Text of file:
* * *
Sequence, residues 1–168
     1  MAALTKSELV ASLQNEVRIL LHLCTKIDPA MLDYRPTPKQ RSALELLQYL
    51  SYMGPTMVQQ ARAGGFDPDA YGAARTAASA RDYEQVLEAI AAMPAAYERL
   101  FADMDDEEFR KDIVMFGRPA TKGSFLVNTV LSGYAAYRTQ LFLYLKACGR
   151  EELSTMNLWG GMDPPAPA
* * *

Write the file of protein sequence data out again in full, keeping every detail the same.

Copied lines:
Sequence, residues 1–168
     1  MAALTKSELV ASLQNEVRIL LHLCTKIDPA MLDYRPTPKQ RSALELLQYL
    51  SYMGPTMVQQ ARAGGFDPDA YGAARTAASA RDYEQVLEAI AAMPAAYERL
   101  FADMDDEEFR KDIVMFGRPA TKGSFLVNTV LSGYAAYRTQ LFLYLKACGR
   151  EELSTMNLWG GMDPPAPA